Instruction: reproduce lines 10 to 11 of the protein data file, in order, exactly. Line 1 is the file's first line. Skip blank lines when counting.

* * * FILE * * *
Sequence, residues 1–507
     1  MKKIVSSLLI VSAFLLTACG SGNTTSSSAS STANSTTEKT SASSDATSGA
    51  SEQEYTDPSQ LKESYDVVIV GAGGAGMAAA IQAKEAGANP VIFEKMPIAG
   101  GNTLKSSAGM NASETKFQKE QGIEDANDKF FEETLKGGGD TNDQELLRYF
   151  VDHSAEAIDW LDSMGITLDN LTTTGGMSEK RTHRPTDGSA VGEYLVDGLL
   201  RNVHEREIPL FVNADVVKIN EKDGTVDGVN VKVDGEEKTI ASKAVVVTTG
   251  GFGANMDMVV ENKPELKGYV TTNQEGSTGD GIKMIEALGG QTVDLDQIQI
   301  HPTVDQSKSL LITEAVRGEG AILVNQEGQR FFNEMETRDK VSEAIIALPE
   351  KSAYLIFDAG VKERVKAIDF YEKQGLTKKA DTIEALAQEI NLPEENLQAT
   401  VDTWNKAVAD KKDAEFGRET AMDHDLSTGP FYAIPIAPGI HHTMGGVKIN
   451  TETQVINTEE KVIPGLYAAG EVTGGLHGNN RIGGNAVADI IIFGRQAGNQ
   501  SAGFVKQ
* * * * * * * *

   401  VDTWNKAVAD KKDAEFGRET AMDHDLSTGP FYAIPIAPGI HHTMGGVKIN
   451  TETQVINTEE KVIPGLYAAG EVTGGLHGNN RIGGNAVADI IIFGRQAGNQ